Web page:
Nor West News : April 14th 2011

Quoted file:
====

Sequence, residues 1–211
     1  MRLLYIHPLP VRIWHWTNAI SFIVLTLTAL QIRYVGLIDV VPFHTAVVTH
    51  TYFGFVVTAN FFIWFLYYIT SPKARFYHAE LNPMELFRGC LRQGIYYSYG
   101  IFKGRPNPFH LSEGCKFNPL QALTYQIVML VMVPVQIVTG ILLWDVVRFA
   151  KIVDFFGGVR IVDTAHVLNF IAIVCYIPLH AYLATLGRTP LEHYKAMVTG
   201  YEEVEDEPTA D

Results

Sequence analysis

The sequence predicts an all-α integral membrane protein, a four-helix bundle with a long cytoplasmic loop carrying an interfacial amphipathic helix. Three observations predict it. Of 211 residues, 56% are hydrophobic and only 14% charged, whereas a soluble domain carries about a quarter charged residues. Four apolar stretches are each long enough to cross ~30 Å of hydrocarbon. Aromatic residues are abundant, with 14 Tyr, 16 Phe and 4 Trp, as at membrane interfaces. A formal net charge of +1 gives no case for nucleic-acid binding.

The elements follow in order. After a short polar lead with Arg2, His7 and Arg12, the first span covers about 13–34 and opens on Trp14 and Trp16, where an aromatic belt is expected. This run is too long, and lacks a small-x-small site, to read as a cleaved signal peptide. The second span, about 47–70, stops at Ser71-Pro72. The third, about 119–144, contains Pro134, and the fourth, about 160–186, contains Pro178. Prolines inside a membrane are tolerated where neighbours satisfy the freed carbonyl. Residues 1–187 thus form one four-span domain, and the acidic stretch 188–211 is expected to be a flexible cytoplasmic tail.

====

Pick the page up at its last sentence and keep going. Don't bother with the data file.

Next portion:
3 NOR-WEST NEWS, APRIL 14, 2011 NEWS Join now for only $15.50 What have you got to lose? 156 Main Road Kumeu Phone: 412 8932 www.kumeugym.co.nz per week Experience Integrity Stephen Theobald Ph 027 4934 662 firstname.lastname@example.org Ph 412 7666 Kumeu Loyal Realty Ltd 2792509AA You can trust St John Only St John medical alarms connect directly to St John and are installed by uniformed St John staff. Call 0800 50 23 23 for more information. STJOHN0910 Local fisher voices concerns Major concerns: Kaipara Harbour third-generation commercial fisher Ray Scott says progressive monitoring of 200 tidal turbine power generators will not gauge the full impact. Photo: CAROLYN THOMAS By CAROLYN THOMAS CHARTER boat operator Ray Scott knows the Kaipara Harbour well. Not only has he com- mercially fished it his whole life but his father and grandfather did too. But losing his liveli- hood when 200 tidal tur- bine power generators get installed in his best fishing spot is not what concerns him. He says the risks of unknown environmental impacts are too high. We re talking about 200 two-storey buildings going in that area,'' Mr Scott says. No one has proven that there will be no damage to the environ- ment --- nobody knows. Say you've got a fast- flowing stream and you putarockorstickinit-- you'll immediately see a disturbance.'' Mr Scott says the pro- gressive testing to be carried out under con- ditions attached to the Environment Court con- sent will not show the full impact. It's not until you get the full 200 that you'll know the damage.'' He says effects on snapper stocks could be an issue for New Zealand's export market. Mussel beds along the coast are a feeding ground for snapper. This, along with the many shipwrecks in the area known as the graveyard, makes it a premium fish- ing spot, he says Ninety-seven percent of all north-west coast snapper originate from the Kaipara. If you put 200 turbines into the main entrance, then that is going to be the noise pol- lution. These things could put up a major sound wall or barrier. What happens if this suddenly stops the migration of snapper in and out of the harbour.'' He says there is also the risk of death or injury if a boat's anchor gets stuck in or near a turbine. What happens if mum, dad and kids go out there in a tinny? It could pull them under. It's all very well to have signs but as soon as as accident happens, it'll be a no-go zone.'' Mr Scott says he fully supports the concept of renewable energy. If they can prove to me that it won't cause any harm or damage to the environment then I'd be in full favour even if I lose my best fishing ground.'' If successful, the proj- ect could produce energy to power an area from Albany to Cape Reinga. I'm nearly retired and I could easily say that I've had my cut and the graveyard has done me well, Mr Scott says. But I feel the main concerns have been voiced but not met.'' Crest Energy director Anthony Hopkins says many changes have been made to original plans first submitted to the Northland Regional Council in 2006. He says environmental factors have been con- sidered in detail by a range of skilled people throughout a process that has involved public submissions, council hearings and the Environment Court. He says computer modelling was done to measure the impact of 200 turbines on the har- bour with results predicting minor effects. Mr Hopkins adds the council has the power to stop the project should more than minor effects be detected through monitoring. He says the go-ahead has also been given to three similar projects in the United Kingdom off the Pembrokeshire coast, the Isle of Skye and the Scottish mainland. Information on the project will be displayed at over 50 boat ramps leading into the harbour and on marine charts. There will be an exclusion zone marked by buoys in the turbine array area and the zone will grow as the number of turbines increases,'' he says. Prime Minister and Helensville MP John Key's spokeswoman Jane Fraser-Jones says the technology is in use over- seas. If there are negative impacts on the environ- ment, the project can be halted, she says. Safeguards like this are there to ensure every possible impact can be accounted for.'' Consent conditions include two years of baseline monitoring prior to any turbines being installed and staged installation over several years. She says Crest Energy has every incentive to do the job right. Investing in clean, renewable energy is good for New Zealand.'' IN BRIEF Armed robbery Police seek this man after two break-ins at the Hallertau Brew Bar and Restaurant near Riverhead. A man armed with a pistol robbed the bar on Saturday night as staff were closing up. The incident followed a break-in there the previous day which police believe is related. Security footage from April 9 shows the man was wearing a dark blue, hooded jacket, blue jeans, dress shoes, gloves and carrying a purple SkyCity umbrella. He was also carrying a distinctive green canvas shoulder-slung satchel. The following night he appeared to be wearing a similar jacket and gloves and was carrying the same green satchel, police say. The gun is described as a black and brown revolver. Contact Rodney detective Nick Poland on (09) 427-9806 if you have any information. Kumeu police are also seeking information on any suspicious vehicles or behaviour seen in the area around the time. Phone 412-5194. Visit www.nor- westnews.co.nz to see the burglar on CCTV footage at Hallertau Brew Bar and Restaurant. Burglaries There was a spate of burglaries around Helensville over the weekend. Five incidents were reported in the Rimmer Rd area. Police are looking for information on a white car or ute. Phone 420-8967 if you have any information. Missing Auckland man not known as a good swimmer By CAROLYN THOMAS Dangerous waters: A 21-year-old man went missing in the water at Maori Bay last Thursday. Photo: CAROLYN THOMAS A 21-year-old man remains missing after going swimming at Maori Bay in Muriwai on Thursday evening. Kumeu police say the likelihood of finding Auckland resident Rhyan Rego alive is low. The alarm was raised at 7pm after he was seen by friends in waist-deep water around 6.30pm. A marine search and rescue unit, Muriwai surf lifeguards and the Eagle and Westpac Res- cue helicopters were called in. The conditions, time of day and area he was swimming were all extremely dangerous. There is a limited time you get,'' sergeant Mick Rickards says. A search went on until nightfall and continued on Friday and through- out the weekend. Mr Rickards says the man was not known to be a good swimmer. It's a dangerous place to swim,'' Mr Rickards says. The current is really strong and completely different to the East Coast. Even competent swimmer get into trouble.''